What is interesting about this is that the leading evangelical environmental group espousing the kinds of policies French finds wanting—the Evangelical Environmental Network (EEN)—consistently uses pro-life arguments to buttress their policy descriptions. Far from “throwing under the bus” unborn children (what a terrible image to place on another’s perspective), the EEN has made a point of marshalling its energies around environmental issues that damage the unborn. This is not a convenient fact for French, but it is a major one and it has been the subject of intense debate within the evangelical community (Christianity Today even devoted a special feature to the EEN’s actions so it is not an obscure debate). Perhaps French is completely unaware of this debate, but I find that hard to believe.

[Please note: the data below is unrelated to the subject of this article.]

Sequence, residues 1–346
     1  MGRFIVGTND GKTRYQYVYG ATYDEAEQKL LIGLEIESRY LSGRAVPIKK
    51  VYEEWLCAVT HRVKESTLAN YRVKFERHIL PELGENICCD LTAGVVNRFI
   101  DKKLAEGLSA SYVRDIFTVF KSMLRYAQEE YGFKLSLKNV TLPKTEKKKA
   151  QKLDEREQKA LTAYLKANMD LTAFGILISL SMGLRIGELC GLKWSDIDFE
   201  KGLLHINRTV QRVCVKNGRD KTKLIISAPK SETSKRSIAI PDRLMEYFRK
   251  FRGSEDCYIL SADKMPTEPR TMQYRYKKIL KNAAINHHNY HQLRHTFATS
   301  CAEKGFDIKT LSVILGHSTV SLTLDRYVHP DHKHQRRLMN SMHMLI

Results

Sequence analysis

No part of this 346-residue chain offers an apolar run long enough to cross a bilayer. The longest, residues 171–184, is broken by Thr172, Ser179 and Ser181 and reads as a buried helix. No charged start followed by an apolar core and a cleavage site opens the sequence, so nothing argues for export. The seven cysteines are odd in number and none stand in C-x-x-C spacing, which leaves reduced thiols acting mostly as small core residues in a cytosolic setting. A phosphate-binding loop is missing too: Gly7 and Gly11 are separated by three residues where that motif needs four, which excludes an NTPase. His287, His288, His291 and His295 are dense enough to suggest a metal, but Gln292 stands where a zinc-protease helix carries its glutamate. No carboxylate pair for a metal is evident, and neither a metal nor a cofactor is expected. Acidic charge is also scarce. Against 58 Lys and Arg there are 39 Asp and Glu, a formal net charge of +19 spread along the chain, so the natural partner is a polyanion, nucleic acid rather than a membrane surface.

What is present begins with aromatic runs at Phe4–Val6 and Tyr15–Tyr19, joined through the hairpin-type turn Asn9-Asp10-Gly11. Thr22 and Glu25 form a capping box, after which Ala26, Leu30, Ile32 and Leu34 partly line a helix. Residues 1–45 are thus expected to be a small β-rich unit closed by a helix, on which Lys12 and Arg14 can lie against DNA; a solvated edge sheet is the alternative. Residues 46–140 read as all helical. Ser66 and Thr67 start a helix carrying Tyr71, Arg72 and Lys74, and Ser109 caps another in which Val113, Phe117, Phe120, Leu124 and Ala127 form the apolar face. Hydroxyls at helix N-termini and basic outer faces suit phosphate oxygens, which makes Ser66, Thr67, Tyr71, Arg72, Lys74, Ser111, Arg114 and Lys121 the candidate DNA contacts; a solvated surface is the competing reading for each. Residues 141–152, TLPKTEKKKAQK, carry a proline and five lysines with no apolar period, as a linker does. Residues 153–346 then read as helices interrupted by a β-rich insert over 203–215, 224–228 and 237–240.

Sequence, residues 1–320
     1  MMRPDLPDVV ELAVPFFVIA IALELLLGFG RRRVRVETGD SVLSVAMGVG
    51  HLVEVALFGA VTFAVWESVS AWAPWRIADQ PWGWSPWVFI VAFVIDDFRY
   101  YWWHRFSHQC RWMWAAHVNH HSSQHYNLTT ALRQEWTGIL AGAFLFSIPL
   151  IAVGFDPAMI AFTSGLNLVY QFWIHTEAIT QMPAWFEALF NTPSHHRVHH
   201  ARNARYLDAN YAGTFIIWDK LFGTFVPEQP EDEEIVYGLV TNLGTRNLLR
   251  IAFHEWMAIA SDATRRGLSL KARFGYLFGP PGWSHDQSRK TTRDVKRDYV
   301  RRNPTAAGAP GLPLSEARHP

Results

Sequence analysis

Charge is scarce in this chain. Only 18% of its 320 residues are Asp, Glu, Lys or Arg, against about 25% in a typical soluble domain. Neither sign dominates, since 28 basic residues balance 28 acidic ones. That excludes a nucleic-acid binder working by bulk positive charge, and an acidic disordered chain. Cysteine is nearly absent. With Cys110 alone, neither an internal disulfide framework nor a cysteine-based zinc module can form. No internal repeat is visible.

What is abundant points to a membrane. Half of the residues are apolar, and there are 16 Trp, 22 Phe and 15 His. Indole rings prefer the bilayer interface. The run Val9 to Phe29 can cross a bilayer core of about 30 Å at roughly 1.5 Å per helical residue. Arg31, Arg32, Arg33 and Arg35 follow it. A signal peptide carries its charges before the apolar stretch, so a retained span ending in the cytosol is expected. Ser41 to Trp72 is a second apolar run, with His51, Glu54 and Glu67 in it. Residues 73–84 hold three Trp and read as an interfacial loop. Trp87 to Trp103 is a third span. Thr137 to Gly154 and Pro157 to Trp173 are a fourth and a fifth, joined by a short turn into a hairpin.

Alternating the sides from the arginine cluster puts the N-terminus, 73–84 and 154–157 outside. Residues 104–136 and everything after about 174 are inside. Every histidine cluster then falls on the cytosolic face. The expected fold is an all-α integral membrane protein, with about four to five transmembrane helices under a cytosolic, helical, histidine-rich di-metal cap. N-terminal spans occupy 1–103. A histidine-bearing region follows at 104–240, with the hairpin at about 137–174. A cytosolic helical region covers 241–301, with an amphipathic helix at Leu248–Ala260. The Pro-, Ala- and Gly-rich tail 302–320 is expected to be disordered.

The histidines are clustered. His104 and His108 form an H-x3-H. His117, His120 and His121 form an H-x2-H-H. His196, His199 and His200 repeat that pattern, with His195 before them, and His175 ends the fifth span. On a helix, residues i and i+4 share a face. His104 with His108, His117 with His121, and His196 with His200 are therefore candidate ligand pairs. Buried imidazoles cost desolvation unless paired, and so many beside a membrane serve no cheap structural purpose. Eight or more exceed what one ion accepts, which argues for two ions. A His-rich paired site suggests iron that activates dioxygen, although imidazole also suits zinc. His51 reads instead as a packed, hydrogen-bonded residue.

Oh, I’m aware of the Evangelical Environmental Network. In fact, I’m very aware of the (generally progressive) argument that you’re not “pro-life” unless you’re “whole-life” — by protecting the environment, easing poverty, supporting education, etc. etc.  But I’m not “pro-life” when I use a low-flow toilet or drive a Prius.  Mr. Metzger’s linked example of pro-life environmentalism is particularly egregious.  The EEN’s commercials were in support of restrictions on coal-fired power plants that were not killing children, and those restrictions wouldn’t have any substantial effect on the very mercury levels they hoped to limit.  That’s pro-life?

The sad reality of the whole-life argument is it’s primarily a weapon of, yes, partisan warfare — a way to shame pro-life activists into silence or a method of diverting their attention from the atrocity of abortion.  It eases a troubled conscience.